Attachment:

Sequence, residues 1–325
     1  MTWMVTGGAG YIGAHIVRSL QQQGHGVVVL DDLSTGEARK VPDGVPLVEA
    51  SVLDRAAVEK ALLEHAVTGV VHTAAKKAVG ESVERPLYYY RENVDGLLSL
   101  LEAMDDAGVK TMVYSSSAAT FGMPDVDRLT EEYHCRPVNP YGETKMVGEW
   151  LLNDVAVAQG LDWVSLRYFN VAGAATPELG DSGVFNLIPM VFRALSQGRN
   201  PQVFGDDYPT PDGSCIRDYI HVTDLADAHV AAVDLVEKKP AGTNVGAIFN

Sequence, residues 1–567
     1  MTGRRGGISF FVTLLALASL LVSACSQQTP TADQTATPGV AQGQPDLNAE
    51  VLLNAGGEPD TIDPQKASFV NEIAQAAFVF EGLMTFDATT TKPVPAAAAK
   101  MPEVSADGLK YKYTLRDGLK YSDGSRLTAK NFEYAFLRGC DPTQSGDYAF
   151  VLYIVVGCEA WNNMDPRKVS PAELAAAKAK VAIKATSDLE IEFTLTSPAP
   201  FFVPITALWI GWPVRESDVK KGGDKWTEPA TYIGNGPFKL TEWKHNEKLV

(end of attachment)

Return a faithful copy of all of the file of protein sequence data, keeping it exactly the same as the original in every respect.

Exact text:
Sequence, residues 1–325
     1  MTWMVTGGAG YIGAHIVRSL QQQGHGVVVL DDLSTGEARK VPDGVPLVEA
    51  SVLDRAAVEK ALLEHAVTGV VHTAAKKAVG ESVERPLYYY RENVDGLLSL
   101  LEAMDDAGVK TMVYSSSAAT FGMPDVDRLT EEYHCRPVNP YGETKMVGEW
   151  LLNDVAVAQG LDWVSLRYFN VAGAATPELG DSGVFNLIPM VFRALSQGRN
   201  PQVFGDDYPT PDGSCIRDYI HVTDLADAHV AAVDLVEKKP AGTNVGAIFN

Sequence, residues 1–567
     1  MTGRRGGISF FVTLLALASL LVSACSQQTP TADQTATPGV AQGQPDLNAE
    51  VLLNAGGEPD TIDPQKASFV NEIAQAAFVF EGLMTFDATT TKPVPAAAAK
   101  MPEVSADGLK YKYTLRDGLK YSDGSRLTAK NFEYAFLRGC DPTQSGDYAF
   151  VLYIVVGCEA WNNMDPRKVS PAELAAAKAK VAIKATSDLE IEFTLTSPAP
   201  FFVPITALWI GWPVRESDVK KGGDKWTEPA TYIGNGPFKL TEWKHNEKLV